Schiff requests briefings from intel chiefs on Barr 'spying' probe

House Intelligence Committee Chairman Adam SchiffAdam Bennett SchiffSchiff would support impeachment if White House ignores a final court decision on documents, testimony US finds itself isolated in Iran conflict House Intelligence Committee to subpoena Trump associate Felix Sater MORE (D-Calif.) on Friday asked for in-person briefings from U.S. intelligence chiefs regarding President TrumpDonald John TrumpConway defends herself against Hatch Act allegations amid threat of subpoena How to defuse Gulf tensions and avoid war with Iran Trump says 'stubborn child' Fed 'blew it' by not cutting rates MORE’s directive that they comply with Attorney General William BarrWilliam Pelham BarrThe Hill's Morning Report - Crunch time arrives for 2020 Dems with debates on deck Supreme Court set to deliver ruling on census citizenship question Trump: 'I think I win the election easier' if Democrats launch impeachment proceedings MORE’s inquiry into the origins of the Russia investigation.

Schiff sent letters to agency heads requesting “all documents, material, or information” provided or made available to Barr as part of his review. The attorney general is reviewing the intelligence collected on the Trump campaign in 2016 — which Barr has described as “spying” — to determine whether it was adequately predicated.

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Friday's letters to the Office of Director of National Intelligence, CIA, FBI and National Security Agency come roughly a week after Trump directed the intelligence community (IC) to comply with Barr’s review. The president also gave Barr broad powers to declassify and potentially release documents related to the inquiry.

Schiff and other Democrats have been highly critical of the move, accusing Trump of attempting to politicize U.S. intelligence.

“This approach threatens national security by subverting longstanding rules and practices that obligate you and other heads of IC agencies to safeguard sources and methods and prevent the politicization of intelligence and law enforcement,” Schiff wrote in the letter to Director of National Intelligence Dan CoatsDaniel (Dan) Ray CoatsCNN's Jake Tapper repeatedly presses Pence on whether he thinks climate change is a threat Hillicon Valley: Tim Cook visits White House | House hearing grapples with deepfake threat | Bill, Melinda Gates launch lobbying group | Tech turns to K-Street in antitrust fight | Lawsuit poses major threat to T-Mobile, Sprint merger House Intel to take first major deep dive into threat of 'deepfakes' MORE.

Schiff asked intelligence officials to give the committee advance notice of any effort by Barr to declassify documents related to the probe. He also requested that officials inform the House Intelligence Committee if Barr plans to declassify documents over objections from the intelligence community, and to “provide an assessment of the harms to national security.”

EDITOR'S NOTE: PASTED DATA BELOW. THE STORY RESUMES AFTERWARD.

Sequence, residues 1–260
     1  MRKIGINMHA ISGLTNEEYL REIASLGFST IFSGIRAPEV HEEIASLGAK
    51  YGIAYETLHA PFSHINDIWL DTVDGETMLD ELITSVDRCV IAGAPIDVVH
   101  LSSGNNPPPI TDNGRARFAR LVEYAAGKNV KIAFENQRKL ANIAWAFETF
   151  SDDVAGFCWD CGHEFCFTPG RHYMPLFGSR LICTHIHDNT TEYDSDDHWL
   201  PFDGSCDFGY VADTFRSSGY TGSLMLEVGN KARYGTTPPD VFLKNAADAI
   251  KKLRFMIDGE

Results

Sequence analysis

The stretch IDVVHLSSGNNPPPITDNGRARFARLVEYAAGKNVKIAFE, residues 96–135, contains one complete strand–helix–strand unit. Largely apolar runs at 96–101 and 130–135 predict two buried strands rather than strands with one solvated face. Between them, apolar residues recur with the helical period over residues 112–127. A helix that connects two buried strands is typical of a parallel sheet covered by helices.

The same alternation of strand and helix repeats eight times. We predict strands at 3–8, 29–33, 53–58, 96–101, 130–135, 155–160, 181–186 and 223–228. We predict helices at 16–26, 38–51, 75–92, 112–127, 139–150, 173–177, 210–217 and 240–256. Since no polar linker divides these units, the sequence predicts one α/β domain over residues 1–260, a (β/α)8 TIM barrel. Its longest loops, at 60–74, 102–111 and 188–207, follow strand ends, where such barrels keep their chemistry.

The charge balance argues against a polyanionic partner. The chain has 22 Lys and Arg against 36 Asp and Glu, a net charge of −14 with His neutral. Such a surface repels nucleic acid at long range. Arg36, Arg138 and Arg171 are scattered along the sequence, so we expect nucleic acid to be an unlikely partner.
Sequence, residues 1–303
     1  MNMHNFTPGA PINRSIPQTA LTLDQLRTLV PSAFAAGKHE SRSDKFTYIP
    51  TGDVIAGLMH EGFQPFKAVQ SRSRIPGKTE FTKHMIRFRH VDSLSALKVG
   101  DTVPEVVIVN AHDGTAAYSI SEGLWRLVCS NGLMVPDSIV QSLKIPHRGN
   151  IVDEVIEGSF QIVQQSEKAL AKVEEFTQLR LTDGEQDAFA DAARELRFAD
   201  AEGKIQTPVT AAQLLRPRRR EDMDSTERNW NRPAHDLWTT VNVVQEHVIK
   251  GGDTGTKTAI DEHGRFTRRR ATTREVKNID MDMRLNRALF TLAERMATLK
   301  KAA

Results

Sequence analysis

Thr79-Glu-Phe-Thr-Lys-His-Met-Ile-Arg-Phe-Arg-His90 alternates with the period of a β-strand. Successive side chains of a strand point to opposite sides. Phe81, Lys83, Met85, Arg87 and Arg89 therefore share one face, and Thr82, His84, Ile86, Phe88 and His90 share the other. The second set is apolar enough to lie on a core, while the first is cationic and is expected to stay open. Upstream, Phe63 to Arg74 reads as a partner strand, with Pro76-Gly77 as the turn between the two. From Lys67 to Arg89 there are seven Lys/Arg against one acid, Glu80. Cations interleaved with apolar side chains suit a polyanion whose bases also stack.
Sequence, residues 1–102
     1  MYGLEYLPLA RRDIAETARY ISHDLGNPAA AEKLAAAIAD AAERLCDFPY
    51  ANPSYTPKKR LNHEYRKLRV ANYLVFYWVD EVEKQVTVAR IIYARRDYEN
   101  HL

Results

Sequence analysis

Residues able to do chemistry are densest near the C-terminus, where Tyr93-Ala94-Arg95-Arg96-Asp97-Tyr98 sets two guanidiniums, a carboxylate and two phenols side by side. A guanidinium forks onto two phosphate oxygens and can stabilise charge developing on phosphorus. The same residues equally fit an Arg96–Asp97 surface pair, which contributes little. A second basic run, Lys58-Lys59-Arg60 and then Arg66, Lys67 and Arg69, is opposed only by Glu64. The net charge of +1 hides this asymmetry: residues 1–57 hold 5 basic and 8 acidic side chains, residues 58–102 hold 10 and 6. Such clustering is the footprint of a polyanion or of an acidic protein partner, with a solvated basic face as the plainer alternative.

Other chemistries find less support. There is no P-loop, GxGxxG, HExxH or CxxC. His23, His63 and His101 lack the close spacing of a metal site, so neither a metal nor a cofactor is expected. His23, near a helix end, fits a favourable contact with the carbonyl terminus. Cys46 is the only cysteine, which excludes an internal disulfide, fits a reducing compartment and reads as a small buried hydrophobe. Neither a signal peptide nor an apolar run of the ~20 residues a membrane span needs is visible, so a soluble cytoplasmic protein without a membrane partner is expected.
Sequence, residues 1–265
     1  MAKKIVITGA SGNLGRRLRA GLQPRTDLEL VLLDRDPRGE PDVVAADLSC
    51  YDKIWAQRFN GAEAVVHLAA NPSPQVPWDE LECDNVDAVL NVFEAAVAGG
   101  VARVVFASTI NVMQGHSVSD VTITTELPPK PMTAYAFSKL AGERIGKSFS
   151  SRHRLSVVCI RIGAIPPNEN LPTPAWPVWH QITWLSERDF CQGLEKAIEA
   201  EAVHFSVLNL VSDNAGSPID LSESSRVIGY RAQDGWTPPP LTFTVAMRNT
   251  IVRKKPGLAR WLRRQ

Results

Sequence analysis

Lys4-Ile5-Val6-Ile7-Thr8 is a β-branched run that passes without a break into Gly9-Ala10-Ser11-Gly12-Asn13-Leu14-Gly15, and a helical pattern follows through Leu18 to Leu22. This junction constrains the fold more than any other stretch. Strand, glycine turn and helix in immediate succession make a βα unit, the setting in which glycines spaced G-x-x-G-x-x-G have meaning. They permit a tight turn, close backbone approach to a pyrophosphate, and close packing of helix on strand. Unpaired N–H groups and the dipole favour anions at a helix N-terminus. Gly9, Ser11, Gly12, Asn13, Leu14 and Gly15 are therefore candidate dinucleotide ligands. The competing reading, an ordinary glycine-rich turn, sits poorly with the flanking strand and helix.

“In the wake of the directive, the Committee will conduct rigorous, ongoing oversight of your agency and others in the IC to ensure that the Attorney General does not abuse his new and sweeping authority,” Schiff wrote in the Coats letter.

Schiff asked for a response by June 6. He sent similar letters to the heads of the CIA, FBI and NSA, according to a committee official.

A spokesman for Coats confirmed the office had received the letter but didn't comment further. An NSA spokesman also confirmed the agency received the letter.

Both the FBI and CIA declined to comment. 

Trump and other Republicans have long suggested that the Russia investigation was improperly started by FBI agents biased against Trump in 2016.

Trump, who has claimed that former FBI Director James ComeyJames Brien ComeyBiden is the least electable candidate — here's why Top Mueller prosecutor Andrew Weissmann lands book deal Trump to appear on 'Meet the Press' for first time as president MORE and others engaged in “treason,” has been accused of trying to go after his political enemies by supporting Barr’s investigation. Last week, Trump said he issued the directive for the purpose of transparency.

“I don’t care about payback,” the president told reporters. “I think it's very important for our country to find out what happened.”

Former officials say the directive could create tension between Trump and the intelligence community and potentially chill existing intelligence sources or make it difficult to cultivate new ones going forward.

Coats said in a statement last week that he would provide Barr with the “appropriate information” in his review, adding that he had confidence the attorney general would work with the intelligence community “in accordance with the long-established standards to protect highly-sensitive classified information that, if publicly released, would put our national security at risk.”

In a CBS interview that aired Friday, Barr did not go into detail about his inquiry but said he has “more questions” about the collection of intelligence on the 2016 campaign.

“In fact, I probably have more questions,” Barr told CBS News chief legal correspondent Jan Crawford. “Some of the facts I have learned don’t hang together with the official explanations of what happened.”

—Updated at 6:29 p.m.